Still, vitiating America on the ideological level did not mean shunning it economically or politically. From the time of Judah Touro, the nineteenth-century New Orleans philanthropist who financed the construction of the first Jewish neighborhoods outside of Jerusalem’s Old City, to Macy’s owner Nathan Straus, for whom the Israeli city of Netanya is named, Palestinian Jews welcomed American Jewish money. Indeed, the fifty million dollars raised by Golda Meir in the United States in 1948 proved pivotal in deciding the outcome of Israel’s struggle for independence. And as early as the 1930s, Ben-Gurion realized that America would determine Palestine’s fate, not Britain. Not coincidentally, the first formal call for Jewish statehood was issued not in London or even Jerusalem, but in 1942 at New York’s Biltmore Hotel.

American Jews dropped pennies in their Jewish National Fund pushkes and danced the hora at their weddings while Israelis named a youth village after American Zionist leader Abba Hillel Silver and a kibbutz after Brandeis (Ein Hashofet—the Spring of the Judge), yet neither recognized the other’s claim to primacy in solving the Jewish problem. Israelis defended their preeminence by pointing out America’s indifference to Jewish suffering during World War II and the skyrocketing rates of intermarriage and assimilation among American Jews. In response, American Jews called attention to the mounting body count in the very state that was supposed to safeguard the Jewish people, and to the ultra-secular Israeli youth denigrated by Rabbi Hertzberg as “Hebrew-speaking goyim.”12 Israeli immigrants to the United States were for many years denounced by their countrymen as yordim—literally, “those who descend”—while American Jewish immigrants to Israel risked being labeled expatriates or, worse, weirdos.

This conflict of Jewish utopias was debated in semi-official fashion in a correspondence between then-prime minister Ben-Gurion and American Jewish Committee president Jacob Blaustein in 1950. The issue was whether, as Ben-Gurion claimed, Israel represented world Jewry, or whether, as Blaustein countered, American Jewry spoke for itself and further served as co-defender of the diaspora. Underlying the debate, however, was the controversy over which country, Israel or the United States, constituted the genuine Zion—the end, in the Fukuyaman sense, of Jewish history. “American Jews vigorously repudiate any suggestion that they are in exile,” Blaustein wrote. “To American Jews, America is home.” Desperate for donations, Ben-Gurion backed down on Israel’s plenipotentiary status, conceding that the Jewish state “speaks only on behalf of its own citizens” and that American Jews “owe no political allegiance to Israel.” In return, Blaustein pledged that American Jews—“within the framework of their American citizenship”—would continue to assist Israel financially.13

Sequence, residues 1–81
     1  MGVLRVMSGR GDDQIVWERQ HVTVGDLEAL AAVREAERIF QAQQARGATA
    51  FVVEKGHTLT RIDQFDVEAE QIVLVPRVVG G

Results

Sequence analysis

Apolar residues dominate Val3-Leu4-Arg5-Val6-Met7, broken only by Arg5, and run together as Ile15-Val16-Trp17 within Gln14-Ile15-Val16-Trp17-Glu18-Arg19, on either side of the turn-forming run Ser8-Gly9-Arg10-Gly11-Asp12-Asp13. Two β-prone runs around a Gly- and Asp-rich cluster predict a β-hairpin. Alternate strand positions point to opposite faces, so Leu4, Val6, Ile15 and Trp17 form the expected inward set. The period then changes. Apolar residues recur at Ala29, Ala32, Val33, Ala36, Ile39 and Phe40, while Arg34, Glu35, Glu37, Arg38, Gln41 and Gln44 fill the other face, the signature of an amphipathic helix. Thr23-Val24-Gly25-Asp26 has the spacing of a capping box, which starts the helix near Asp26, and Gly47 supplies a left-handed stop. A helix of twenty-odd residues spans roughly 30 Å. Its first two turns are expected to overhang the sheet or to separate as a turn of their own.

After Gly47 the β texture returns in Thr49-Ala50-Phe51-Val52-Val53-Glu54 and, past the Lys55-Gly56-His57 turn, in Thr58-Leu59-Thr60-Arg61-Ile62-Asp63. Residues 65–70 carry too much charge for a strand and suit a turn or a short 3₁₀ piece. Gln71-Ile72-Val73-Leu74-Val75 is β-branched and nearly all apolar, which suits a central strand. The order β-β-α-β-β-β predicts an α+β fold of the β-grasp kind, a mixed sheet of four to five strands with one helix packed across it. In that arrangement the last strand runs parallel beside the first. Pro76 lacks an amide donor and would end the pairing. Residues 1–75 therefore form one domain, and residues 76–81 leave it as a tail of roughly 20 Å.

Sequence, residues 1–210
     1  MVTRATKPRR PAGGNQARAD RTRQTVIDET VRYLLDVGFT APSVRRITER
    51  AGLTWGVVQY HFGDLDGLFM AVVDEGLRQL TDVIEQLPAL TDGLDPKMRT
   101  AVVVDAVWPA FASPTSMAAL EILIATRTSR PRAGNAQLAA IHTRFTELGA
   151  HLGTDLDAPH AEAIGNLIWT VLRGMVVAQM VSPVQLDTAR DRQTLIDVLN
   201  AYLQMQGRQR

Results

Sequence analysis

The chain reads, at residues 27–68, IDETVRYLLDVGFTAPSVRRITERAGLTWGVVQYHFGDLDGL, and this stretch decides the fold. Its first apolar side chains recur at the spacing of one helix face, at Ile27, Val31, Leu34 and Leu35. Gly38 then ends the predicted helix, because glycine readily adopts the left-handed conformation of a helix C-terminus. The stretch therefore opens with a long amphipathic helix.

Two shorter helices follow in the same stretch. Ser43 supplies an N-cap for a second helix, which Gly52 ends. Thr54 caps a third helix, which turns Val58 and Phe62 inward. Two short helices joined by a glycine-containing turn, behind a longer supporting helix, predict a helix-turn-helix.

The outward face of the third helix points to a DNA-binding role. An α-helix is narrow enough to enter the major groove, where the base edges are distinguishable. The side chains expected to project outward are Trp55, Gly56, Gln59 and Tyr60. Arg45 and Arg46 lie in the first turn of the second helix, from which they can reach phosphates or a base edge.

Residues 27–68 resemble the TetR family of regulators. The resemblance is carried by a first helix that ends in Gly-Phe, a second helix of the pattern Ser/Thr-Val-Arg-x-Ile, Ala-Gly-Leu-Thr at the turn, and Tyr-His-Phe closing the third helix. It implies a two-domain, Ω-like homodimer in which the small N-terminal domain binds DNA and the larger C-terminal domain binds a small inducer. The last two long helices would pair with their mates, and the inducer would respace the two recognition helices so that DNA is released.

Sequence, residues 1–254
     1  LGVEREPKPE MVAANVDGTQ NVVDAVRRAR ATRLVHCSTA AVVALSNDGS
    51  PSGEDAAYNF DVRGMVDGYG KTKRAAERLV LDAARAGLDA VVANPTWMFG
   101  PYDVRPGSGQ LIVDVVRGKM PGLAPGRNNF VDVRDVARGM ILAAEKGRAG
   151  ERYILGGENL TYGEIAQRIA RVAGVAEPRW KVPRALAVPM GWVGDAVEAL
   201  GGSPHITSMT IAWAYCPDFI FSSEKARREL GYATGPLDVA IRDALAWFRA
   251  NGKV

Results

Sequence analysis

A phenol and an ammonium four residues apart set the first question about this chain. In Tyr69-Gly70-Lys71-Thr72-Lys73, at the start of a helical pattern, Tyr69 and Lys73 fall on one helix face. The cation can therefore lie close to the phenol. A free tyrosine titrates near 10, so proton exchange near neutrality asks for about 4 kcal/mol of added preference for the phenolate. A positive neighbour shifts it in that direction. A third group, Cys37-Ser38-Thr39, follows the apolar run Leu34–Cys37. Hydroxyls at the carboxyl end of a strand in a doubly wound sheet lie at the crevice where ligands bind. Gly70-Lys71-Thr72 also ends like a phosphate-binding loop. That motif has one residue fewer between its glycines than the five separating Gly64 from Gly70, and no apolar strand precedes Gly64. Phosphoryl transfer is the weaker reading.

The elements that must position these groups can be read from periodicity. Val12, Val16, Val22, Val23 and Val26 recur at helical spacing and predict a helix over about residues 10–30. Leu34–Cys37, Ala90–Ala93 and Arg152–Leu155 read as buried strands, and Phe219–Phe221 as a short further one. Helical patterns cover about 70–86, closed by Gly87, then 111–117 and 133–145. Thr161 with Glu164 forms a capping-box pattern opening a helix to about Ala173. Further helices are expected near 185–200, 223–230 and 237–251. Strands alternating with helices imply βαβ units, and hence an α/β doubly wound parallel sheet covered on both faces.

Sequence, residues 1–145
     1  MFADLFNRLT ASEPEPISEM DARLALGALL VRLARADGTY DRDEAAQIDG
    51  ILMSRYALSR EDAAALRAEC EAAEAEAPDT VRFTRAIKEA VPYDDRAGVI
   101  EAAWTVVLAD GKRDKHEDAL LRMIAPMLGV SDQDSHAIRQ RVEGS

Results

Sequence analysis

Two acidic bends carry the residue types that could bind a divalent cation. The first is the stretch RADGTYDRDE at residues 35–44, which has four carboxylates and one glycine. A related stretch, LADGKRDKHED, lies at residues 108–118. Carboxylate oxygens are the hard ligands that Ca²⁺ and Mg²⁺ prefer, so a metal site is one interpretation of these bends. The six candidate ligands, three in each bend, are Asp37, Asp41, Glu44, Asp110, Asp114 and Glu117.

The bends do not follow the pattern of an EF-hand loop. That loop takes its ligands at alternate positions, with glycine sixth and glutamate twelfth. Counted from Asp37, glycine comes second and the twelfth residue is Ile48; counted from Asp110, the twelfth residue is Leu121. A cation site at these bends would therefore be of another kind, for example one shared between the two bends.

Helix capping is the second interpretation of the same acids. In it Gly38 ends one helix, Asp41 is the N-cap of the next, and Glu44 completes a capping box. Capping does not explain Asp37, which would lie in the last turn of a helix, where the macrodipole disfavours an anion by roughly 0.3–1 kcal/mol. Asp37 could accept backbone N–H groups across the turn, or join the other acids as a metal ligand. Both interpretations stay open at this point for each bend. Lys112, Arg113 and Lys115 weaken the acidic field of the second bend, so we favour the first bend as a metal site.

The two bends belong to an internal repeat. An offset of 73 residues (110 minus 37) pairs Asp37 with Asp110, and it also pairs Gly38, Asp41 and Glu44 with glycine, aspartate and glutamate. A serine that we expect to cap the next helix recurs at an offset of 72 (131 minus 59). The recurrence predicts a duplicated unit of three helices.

The correspondence between Ben-Gurion and Blaustein established the relationship between Israel and American Jewry over the next seventeen years. Israel refrained from publicly challenging the American diaspora’s legitimacy, and American Jews contributed generously to the building of the Jewish state. Israel still offered instant citizenship to all diaspora Jews under its Law of Return, but American Jews overwhelmingly rebuffed it. Then came the Six Day War.